Jeremy Hall, managing
director, Westwon Capital
As we pack away the
Christmas decorations, our attention returns to business and what’s
in store for 2011. Lease brokers have had an interesting ride over
the past few years.
The fourth quarter of 2008
was the time of crisis; 2009 the fall-out period of many finance
companies leaving the market and end users cutting capital
expenditure; and 2010 was reported as a period of
Many brokers are saying the
same thing: volume is down 50% on the good years, bad debt is under
control, and while the leasing environment is not fantastic, it is
at least stable.
So what are brokers’ views on
2011? I emailed this question to a broker who has been trading for
10 years. As the height of his business he was writing 40 deals a
month, but during the hard times this was reduced to just two. He
has little to do, his logic being: Why canvas for new business when
you cannot get it placed? However, he is now resolute that come 1
January, he will get back to visiting new and existing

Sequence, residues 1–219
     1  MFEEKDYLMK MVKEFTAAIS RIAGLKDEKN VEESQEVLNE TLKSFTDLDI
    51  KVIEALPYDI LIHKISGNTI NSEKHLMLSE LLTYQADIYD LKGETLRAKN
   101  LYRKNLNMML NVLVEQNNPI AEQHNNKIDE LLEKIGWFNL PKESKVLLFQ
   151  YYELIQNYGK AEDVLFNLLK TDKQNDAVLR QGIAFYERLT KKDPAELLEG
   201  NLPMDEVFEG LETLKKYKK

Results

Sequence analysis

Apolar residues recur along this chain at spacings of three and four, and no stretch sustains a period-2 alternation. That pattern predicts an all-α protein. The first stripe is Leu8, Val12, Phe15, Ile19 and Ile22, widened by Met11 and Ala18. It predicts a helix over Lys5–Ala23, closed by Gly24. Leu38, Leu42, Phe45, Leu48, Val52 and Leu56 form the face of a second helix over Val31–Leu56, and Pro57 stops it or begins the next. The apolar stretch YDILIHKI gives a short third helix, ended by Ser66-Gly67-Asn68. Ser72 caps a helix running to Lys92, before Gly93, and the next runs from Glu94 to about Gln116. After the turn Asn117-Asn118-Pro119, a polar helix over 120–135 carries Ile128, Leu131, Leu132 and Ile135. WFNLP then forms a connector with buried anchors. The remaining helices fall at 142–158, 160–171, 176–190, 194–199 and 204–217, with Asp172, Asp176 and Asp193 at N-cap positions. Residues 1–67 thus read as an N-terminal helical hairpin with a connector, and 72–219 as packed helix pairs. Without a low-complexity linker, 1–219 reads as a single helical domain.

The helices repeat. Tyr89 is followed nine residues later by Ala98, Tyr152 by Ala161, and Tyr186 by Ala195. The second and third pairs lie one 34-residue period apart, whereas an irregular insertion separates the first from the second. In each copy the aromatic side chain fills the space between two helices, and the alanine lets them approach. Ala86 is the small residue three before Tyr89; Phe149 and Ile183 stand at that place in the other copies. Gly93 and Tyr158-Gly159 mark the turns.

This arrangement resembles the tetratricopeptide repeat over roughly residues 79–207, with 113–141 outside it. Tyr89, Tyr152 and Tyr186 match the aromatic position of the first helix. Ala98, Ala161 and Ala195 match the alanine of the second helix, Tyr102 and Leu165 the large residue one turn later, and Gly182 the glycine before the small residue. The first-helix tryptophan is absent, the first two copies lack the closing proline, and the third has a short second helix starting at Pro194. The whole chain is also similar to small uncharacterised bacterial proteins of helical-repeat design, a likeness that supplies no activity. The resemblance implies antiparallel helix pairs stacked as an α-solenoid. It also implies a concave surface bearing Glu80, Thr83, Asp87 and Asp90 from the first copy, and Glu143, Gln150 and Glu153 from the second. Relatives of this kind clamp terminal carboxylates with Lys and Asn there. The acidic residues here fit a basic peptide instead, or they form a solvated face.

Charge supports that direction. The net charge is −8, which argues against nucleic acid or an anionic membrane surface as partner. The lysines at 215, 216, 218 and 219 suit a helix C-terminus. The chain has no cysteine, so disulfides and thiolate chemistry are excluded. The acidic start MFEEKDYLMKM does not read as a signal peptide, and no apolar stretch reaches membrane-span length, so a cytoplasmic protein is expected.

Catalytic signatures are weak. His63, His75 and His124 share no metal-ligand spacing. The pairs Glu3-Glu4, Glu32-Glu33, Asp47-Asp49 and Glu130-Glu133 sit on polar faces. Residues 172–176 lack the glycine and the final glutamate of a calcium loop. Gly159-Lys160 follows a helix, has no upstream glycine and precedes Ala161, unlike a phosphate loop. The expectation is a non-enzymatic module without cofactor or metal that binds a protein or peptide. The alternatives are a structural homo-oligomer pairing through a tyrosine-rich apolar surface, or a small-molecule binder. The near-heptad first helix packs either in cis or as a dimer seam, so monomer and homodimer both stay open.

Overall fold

Another broker, having run a
successful l brokerage for many years, had established a niche
market. Its volume of business was reduced by intergalactic
proportions when the recession hit. After making the majority of
his staff redundant, the principle decided it was time to arrive
late and leave early for a few years; he has new marketing plans in
place for 2011.
And one IT leasing broker
explained how a new web-based system would revolutionise the
industry. For him, 2010 was a year of web development, ready to
awaken his business in 2011.
The theme to emerge from
these conversations is that leasing brokers are ready to implement
ideas, market their business and generate new sales in 2011. They
are tired of being inactive and very aware that end of term rental
income will begin to disappear from October this year.
Brokers are fed up with their businesses being in
hibernation. They have adapted to the lower income but do not like
it. For many brokers, 2011 is the time to go hunting for business